Relationships among diet, physical activity and other lifestyle factors and debilitating diseases in the elderly

Eur J Clin Nutr. 2000 Jun;54 Suppl 3:S143-7. doi: 10.1038/sj.ejcn.1601036.

Abstract

Diet and physical activity are two major lifestyle factors that play a role in the prevention or management of debilitating conditions affecting older people. Both under- and overnutrition predispose to diseases. Low sodium and high potassium intakes, as well as the consumption of fruits and vegetables are associated with a reduction of hypertension and diseases arising from hypertension such as stroke and dementia. Dietary patterns (consumption of quantity and types of fats, cholesterol, vegetable oils, fish) are important in the prevention of coronary heart disease. Calcium and vitamin D intakes are important factors in the development of osteoporosis, while various dietary factors have been linked to the development of cancer. Physical activity is important in the prevention of functional decline and increased survival, reduced incidence of falls and fractures, and has various cardiovascular health benefits. Apart from prevention of diseases, exercise also has an important role in improving function in some chronic diseases such as heart failure or chronic obstructive pulmonary disease. Both diet and exercise interact, so that public health recommendations often take the form of lifestyle modification advice in the prevention of disease and disability.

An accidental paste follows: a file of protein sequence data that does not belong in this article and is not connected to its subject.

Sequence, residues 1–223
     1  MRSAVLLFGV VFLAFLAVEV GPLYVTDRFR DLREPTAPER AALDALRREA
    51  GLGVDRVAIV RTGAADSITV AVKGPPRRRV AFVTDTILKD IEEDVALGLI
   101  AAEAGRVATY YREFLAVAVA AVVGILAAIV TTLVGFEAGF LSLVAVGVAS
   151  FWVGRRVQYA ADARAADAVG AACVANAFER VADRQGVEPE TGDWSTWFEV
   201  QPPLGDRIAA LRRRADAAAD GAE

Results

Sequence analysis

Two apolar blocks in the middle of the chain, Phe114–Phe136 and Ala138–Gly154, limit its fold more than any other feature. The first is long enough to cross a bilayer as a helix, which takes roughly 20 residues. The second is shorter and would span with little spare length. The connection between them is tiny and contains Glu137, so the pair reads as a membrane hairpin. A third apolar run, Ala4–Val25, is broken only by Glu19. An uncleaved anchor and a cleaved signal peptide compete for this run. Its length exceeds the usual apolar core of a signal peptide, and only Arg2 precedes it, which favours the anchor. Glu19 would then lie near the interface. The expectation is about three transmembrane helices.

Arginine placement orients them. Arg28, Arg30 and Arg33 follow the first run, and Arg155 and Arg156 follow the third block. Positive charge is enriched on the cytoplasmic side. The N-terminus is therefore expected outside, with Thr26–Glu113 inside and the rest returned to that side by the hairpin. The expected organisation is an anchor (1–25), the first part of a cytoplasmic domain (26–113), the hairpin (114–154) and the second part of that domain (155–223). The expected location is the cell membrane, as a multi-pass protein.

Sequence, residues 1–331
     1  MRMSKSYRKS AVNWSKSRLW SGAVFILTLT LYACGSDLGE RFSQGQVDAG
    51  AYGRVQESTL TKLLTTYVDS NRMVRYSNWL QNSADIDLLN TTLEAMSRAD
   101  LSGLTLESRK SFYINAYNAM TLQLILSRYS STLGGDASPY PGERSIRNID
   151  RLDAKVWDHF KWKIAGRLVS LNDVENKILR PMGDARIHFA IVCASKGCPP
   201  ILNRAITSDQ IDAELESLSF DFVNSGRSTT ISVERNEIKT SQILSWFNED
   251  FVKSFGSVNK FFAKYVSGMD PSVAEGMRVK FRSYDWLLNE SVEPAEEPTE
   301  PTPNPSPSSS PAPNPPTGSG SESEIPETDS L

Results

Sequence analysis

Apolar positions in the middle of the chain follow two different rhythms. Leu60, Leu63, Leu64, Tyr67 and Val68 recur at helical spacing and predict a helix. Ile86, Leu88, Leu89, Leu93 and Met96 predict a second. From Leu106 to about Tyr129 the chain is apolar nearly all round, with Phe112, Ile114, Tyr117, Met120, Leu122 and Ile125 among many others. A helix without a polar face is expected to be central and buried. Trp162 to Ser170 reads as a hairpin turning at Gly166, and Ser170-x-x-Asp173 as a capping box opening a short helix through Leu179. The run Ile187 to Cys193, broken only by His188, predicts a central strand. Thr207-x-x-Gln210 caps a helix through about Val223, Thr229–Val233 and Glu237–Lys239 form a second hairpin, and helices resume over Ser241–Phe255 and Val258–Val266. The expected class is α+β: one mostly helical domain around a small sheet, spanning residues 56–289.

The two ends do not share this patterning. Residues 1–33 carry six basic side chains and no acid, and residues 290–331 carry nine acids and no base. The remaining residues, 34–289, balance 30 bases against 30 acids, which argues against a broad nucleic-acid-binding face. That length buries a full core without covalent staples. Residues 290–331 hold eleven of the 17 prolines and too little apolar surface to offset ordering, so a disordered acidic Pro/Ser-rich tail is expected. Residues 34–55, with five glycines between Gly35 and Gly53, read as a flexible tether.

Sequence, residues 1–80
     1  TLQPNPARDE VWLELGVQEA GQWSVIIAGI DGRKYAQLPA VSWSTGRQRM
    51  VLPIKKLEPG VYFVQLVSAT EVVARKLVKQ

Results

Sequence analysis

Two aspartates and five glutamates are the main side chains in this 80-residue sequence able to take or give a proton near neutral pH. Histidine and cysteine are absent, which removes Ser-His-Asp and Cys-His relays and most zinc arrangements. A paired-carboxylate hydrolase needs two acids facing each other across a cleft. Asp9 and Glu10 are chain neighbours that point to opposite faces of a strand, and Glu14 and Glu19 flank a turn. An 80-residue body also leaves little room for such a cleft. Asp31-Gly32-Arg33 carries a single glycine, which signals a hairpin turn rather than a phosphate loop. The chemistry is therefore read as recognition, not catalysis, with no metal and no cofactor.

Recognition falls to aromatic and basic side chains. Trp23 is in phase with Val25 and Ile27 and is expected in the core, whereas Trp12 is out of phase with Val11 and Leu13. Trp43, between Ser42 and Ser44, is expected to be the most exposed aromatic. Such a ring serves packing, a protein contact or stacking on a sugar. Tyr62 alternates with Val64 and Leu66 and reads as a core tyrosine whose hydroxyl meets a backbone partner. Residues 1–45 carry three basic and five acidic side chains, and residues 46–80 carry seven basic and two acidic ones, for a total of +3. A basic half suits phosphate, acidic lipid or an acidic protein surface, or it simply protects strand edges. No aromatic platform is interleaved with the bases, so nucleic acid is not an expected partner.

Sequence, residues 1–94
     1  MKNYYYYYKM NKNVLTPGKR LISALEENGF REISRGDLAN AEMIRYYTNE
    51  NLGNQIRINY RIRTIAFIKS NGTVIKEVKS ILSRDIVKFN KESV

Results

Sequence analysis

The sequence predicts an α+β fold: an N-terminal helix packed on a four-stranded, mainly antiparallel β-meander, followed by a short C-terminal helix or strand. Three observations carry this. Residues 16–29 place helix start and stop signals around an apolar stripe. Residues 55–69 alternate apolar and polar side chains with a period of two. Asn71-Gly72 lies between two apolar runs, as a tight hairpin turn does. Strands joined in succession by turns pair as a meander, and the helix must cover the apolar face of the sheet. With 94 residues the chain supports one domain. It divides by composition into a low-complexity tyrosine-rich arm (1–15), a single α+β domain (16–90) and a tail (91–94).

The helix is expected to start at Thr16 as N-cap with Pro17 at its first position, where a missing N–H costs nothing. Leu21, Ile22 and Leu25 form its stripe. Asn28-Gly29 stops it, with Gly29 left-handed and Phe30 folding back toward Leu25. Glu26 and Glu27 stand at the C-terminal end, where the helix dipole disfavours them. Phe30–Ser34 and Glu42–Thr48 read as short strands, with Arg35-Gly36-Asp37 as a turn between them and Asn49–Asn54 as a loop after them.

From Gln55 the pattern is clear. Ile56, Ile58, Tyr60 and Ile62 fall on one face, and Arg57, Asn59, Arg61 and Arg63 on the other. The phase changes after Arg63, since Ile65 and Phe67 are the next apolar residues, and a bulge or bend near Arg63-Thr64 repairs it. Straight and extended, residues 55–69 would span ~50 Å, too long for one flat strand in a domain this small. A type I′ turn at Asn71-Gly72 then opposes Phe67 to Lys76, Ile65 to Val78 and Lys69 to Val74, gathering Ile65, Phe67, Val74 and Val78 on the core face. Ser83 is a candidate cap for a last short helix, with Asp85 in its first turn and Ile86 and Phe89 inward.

Publication types

  • Review

MeSH terms

  • Aged
  • Aging / physiology*
  • Coronary Disease / prevention & control
  • Dementia / prevention & control
  • Diet*
  • Epidemiologic Studies
  • Exercise*
  • Feeding Behavior
  • Humans
  • Hypertension / prevention & control
  • Life Style*
  • Lung Diseases, Obstructive / prevention & control
  • Neoplasms / prevention & control
  • Nutritional Status*
  • Osteoporosis / prevention & control
  • Parkinson Disease / prevention & control
  • Primary Prevention